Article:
The performances are mostly unimpressive. Rooney Mara is a dull Nancy, lacking the likable spark Heather Langenkamp brought in the original picture. Mara never looks capable of fleshing Nancy out, retaining the same monotone delivery and glazed over look for the entirety of this remake. Kyle Gallner is more engaging and good humoured as Nancy’s love interest, managing to find a good balance between depressed fatigue and teenage sass. The rest of the young cast are absolutely dreadful, Katie Cassidy and Kellan Lutz being the chief offenders. Not only does this lifeless duo stink up the movie with a lack of acting ability, but they also look a good 10 years older than any of the other teens in the film. Cassidy in particular looks laughably out of place in a classroom based environment; she appears like a 30 year old supermodel stuck in a class of high school misfits. It’s like viewing a prettier version of “Billy Madison”. Clancy Brown is always a welcome addition to any film, and he’s fine here as Gallner’s Dad; but perhaps more time on the screen would have been beneficial.

As Freddy, Jackie Earle Haley is a competent replacement, and he does his best to use his character’s new paedophiliac heritage to disturbing effect. The added exposition concerning Freddy’s past is icky, but it does provide Haley with an extra dimension of horror to exploit. “Nightmare” 2010 redesigns Freddy’s legendarily scarred face to try and create a more authentic burn victim aesthetic, but it actually just ends up reducing the character’s personality. Haley growls and quips his way through the picture with glee, but the make-up effects just aren’t as fun or deranged here, the new look impressing initially but eventually just grating. Haley remains a good piece of casting, but in the end, would it not just have been more sensible to call a now 61 year old Englund out of retirement? After all, no actor will ever replace him in the eyes the fans.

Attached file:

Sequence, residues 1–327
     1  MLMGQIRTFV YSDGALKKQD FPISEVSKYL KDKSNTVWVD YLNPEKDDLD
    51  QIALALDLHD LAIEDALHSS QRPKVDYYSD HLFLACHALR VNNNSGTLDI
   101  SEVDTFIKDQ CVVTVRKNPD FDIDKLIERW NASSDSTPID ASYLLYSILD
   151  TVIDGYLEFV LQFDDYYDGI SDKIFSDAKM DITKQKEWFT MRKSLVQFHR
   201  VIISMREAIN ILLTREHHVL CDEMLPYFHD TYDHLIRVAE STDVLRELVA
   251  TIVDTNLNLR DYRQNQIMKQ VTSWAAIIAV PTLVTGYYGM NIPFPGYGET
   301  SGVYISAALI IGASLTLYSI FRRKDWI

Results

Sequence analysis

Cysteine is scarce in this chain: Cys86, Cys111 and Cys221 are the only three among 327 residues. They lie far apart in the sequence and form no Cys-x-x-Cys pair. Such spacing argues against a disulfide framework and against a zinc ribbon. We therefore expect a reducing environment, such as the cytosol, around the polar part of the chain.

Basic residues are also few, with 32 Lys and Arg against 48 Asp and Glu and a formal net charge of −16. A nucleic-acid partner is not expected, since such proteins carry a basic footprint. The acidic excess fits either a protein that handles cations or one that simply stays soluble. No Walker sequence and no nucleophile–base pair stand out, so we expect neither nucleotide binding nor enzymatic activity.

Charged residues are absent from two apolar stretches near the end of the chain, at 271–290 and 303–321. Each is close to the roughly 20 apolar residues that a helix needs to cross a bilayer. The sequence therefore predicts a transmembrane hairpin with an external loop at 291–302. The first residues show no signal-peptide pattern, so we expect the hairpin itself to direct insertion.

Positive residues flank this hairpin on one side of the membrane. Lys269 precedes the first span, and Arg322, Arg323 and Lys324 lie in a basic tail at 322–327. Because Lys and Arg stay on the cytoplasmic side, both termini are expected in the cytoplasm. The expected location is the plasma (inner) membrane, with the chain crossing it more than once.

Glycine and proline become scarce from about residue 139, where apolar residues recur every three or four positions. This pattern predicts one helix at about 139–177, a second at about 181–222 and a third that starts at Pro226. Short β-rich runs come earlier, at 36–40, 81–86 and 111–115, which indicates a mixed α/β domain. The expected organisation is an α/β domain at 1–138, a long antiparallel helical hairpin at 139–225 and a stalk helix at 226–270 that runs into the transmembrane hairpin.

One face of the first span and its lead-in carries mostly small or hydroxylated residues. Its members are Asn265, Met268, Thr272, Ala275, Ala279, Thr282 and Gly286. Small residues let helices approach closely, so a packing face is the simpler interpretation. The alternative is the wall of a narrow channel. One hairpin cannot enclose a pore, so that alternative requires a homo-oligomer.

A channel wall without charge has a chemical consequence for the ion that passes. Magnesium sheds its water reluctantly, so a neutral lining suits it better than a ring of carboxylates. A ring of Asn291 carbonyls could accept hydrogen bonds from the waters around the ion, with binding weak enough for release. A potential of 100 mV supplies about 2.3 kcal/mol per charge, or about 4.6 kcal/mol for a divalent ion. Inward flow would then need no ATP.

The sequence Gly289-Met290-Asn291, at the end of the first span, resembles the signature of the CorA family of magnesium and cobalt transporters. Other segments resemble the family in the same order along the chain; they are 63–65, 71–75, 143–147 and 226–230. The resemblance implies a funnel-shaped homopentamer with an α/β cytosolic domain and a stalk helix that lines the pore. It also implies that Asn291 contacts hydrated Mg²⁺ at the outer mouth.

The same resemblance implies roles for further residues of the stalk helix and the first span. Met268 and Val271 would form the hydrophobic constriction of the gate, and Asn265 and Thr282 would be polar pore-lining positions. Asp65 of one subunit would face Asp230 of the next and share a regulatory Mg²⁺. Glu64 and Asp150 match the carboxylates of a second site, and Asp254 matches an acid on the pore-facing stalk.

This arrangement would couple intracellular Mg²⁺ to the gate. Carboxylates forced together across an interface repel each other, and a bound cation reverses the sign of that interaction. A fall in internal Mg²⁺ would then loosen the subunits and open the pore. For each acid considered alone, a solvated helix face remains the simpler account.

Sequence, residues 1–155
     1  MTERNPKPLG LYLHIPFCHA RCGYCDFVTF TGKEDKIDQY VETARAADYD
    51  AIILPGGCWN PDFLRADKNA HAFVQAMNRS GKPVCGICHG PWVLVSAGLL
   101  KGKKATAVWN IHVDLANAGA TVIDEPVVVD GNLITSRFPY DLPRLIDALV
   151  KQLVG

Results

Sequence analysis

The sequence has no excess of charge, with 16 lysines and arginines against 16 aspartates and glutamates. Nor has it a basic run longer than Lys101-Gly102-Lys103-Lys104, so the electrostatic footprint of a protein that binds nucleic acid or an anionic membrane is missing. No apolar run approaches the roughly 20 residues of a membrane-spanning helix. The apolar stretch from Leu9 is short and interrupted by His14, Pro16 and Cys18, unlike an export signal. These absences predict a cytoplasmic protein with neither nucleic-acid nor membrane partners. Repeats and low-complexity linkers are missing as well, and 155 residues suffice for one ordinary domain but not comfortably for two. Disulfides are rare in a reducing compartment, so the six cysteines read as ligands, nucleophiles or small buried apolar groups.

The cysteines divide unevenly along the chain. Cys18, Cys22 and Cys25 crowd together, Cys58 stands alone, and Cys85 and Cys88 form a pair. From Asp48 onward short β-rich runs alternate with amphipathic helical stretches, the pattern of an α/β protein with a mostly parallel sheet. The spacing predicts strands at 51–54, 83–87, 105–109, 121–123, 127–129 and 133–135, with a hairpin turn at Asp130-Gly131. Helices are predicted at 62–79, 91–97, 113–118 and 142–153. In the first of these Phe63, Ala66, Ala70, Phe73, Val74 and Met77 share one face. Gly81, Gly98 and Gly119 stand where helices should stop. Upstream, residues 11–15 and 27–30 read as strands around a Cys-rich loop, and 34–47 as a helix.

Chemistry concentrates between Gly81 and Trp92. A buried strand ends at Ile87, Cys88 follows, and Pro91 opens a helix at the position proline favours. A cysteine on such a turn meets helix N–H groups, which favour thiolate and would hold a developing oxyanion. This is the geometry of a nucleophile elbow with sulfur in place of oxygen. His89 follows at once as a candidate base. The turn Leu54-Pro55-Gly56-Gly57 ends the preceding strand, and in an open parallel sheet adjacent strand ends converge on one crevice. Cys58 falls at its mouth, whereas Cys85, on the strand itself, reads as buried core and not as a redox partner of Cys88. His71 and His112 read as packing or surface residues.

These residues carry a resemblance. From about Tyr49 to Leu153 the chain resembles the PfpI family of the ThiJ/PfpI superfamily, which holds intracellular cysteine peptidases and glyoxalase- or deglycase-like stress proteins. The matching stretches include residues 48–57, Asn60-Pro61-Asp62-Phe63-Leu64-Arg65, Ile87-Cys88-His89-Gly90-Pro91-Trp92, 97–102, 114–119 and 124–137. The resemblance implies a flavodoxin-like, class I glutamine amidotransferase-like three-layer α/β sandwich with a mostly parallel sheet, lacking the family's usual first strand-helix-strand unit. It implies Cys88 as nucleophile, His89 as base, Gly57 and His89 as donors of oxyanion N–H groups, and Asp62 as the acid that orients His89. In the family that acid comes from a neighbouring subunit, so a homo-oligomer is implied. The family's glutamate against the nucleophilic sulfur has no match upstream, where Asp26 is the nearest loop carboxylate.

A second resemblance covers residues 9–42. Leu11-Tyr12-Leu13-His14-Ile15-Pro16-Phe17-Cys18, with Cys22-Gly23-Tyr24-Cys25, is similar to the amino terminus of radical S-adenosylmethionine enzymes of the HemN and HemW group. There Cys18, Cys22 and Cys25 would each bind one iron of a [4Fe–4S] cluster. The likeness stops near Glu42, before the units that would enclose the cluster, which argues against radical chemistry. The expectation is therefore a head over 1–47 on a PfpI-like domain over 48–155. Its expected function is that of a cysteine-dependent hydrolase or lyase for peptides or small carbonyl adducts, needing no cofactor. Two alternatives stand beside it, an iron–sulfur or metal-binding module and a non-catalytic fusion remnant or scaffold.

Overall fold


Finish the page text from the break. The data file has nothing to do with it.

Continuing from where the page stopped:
The original film weaved in and out of dreams brilliantly, tricking viewers into a false sense of safety wonderfully. Bayer manages this a few times, but much of his ethereal cinematography seems overly stylized; giving audiences fair warning when some Freddy mayhem is about to break out. The director deserves full marks for pulling out an obviously gritty and surreal atmosphere, but when contrasted with reality this takes some of the sting out of his tale. The kills themselves are largely just rehashed versions of those seen in the 1984 movie, albeit often with even more gore. One of this project’s best assets is the inclusion of “micro naps”, a scientific anomaly that allows Freddy to pop up at any time during the feature’s second half. This infuses a sense of urgency and originality that sizable portions of this remake are lacking, and it cranks up the suspense considerably toward the productions denouement. It’s hardly enough to save “Nightmare” 2010 from mediocrity, buts it’s a smart enough move to prevent it from closing on a totally tiresome note.

Wes Craven’s “A Nightmare on Elm Street” is a classic, and the film’s bad guy is amongst the very best Hollywood has ever produced. Samuel Bayer’s retread does some stuff correctly and makes a few shrewd moves, but on the whole it’s by far and away the more inferior product. Amongst recent horror remakes it ranks somewhere in the middle ground, falling short of stuff like “The Omen” and even last year’s cheerful “Friday the 13th”, but certainly it’s a more assured vehicle than pictures like “Prom Night” or Gus Van Sant’s “Psycho”. That said, Michael Bay and Platinum Dunes have created a fairly pointless film here, more interested in jump scares than truly terrifying material. No matter how many times you’ve seen the original, watching it again will be a better use of your time than catching this remake.

A review by Daniel Kelly, 2010